Here we provide 10 tips on how to make best use of your allowances before 6th April 2018.

  1. Maximise annual pension allowance. The annual allowance for most individuals contributing to a personal pension is £40,000. With the cost of living rising and people having a tendency to vastly underestimate how much they will need in retirement, making the most of the allowable pension contribution (which also includes any contributions made by your employer) could make a significant difference to your pension pot when you decide to retire.
  2. Take note of carry forward rules. It is worth noting that carry forward rules allow unused allowances from the past three years to be utilised – a tactic that can help you pay in over and above the annual allowance in a certain year should you have the funds to do so. This is particularly relevant to those approaching the end of their working lives as they will have less time left to accumulate funds.
  3. Make the most of higher rate relief. Any individuals earning over and above £45,000 which is the basic rate threshold of £33,500 plus the full personal allowance (11,500 for the current tax year 2017/18) will be afforded additional rate relief when making personal pension contributions. It is not clear how much longer these reliefs will be available, so additional and higher rate taxpayers may wish to contribute an amount to maximise tax relief at 45%, 40% or even 60%.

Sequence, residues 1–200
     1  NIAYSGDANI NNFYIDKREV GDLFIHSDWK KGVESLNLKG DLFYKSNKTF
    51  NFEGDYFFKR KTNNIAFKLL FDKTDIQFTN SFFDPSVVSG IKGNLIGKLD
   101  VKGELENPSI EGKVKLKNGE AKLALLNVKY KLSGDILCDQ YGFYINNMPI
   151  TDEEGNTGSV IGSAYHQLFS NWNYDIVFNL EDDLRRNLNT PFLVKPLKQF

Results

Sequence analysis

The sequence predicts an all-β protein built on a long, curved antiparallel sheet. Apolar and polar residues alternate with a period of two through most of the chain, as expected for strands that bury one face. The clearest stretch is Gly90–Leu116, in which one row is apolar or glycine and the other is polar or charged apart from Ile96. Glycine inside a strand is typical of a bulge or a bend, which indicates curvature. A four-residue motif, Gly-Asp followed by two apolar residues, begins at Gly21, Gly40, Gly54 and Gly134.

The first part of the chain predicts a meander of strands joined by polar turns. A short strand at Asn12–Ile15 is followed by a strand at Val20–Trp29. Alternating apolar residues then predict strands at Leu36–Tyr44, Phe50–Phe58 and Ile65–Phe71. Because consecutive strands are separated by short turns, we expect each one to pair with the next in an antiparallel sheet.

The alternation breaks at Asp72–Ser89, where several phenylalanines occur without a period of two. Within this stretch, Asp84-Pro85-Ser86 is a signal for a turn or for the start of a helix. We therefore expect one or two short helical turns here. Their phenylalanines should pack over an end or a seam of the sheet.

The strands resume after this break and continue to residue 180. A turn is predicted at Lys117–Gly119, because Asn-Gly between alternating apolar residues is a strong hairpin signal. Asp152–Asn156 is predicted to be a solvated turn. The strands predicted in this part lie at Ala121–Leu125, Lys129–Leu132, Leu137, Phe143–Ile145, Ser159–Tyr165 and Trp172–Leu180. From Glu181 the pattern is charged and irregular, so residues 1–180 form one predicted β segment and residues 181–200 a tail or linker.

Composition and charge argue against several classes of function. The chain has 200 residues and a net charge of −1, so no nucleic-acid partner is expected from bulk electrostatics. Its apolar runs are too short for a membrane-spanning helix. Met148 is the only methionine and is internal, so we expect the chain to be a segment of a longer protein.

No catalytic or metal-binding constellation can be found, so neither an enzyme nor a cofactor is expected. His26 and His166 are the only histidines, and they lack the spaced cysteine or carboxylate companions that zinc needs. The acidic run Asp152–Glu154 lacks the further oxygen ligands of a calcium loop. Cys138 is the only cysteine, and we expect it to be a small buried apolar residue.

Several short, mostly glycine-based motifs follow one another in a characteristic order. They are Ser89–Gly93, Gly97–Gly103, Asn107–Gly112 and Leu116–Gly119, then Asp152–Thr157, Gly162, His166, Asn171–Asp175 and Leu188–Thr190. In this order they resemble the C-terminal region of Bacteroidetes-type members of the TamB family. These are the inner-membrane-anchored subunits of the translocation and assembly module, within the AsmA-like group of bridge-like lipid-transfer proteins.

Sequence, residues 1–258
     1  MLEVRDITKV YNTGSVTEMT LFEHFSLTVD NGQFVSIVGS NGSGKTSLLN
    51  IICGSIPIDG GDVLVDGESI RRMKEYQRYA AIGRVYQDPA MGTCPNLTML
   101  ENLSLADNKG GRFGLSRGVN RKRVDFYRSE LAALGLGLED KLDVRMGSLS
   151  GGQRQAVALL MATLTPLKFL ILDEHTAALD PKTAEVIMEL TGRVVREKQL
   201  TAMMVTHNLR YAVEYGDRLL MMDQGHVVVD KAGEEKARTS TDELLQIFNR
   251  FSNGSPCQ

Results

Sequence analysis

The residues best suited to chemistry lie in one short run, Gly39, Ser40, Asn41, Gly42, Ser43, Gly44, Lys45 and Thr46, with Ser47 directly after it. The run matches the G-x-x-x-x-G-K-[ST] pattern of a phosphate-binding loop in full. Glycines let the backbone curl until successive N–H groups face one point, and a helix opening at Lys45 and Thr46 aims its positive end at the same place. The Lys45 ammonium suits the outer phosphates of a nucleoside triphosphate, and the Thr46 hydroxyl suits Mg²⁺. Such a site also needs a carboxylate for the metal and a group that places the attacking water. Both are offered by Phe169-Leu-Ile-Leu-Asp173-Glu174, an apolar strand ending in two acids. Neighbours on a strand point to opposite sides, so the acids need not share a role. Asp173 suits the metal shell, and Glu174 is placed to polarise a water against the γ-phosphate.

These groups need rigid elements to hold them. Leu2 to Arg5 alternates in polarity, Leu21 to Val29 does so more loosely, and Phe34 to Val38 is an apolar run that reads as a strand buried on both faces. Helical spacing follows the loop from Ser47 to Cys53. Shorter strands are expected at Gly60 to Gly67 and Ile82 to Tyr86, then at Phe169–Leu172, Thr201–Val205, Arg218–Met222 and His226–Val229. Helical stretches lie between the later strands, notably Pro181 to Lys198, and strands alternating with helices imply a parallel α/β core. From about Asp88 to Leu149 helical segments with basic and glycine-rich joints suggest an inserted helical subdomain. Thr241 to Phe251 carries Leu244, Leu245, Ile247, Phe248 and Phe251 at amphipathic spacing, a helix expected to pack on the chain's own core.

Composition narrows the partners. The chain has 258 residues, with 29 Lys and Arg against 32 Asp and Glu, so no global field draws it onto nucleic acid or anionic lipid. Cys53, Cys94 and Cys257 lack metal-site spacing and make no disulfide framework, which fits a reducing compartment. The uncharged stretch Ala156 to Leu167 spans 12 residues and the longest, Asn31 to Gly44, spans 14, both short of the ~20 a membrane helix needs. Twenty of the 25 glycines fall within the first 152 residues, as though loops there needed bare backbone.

4. Sacrifice bonus for a pension contribution. If you usually receive an annual bonus, it could be worth speaking to your employer about sacrificing this in favour of an additional pension contribution. Depending on the size of the bonus, taking this approach could result in significant NI contribution savings for both employer and employee. Which could also be added to the pot, further enhancing your pension savings.
  5. Use ISA allowance. ISAs offer savers valuable protection from income tax and Capital Gains Tax (CGT) and the annual ISA allowance is on a use it or lose it basis. It is therefore worth considering maximising ISA contributions to the annual limit, currently £20,000 per annum. We now have some clients with significant fund values which can provide a valuable source of tax free income in retirement.
  6. Recover child benefit. Child Benefit is eroded by a tax charge if the highest earning individual in the household has income of more than £50,000, and is cancelled altogether once their income exceeds £60,000. A pension contribution will reduce income and reverse the tax charge, wiping it out altogether once income falls below £50,000.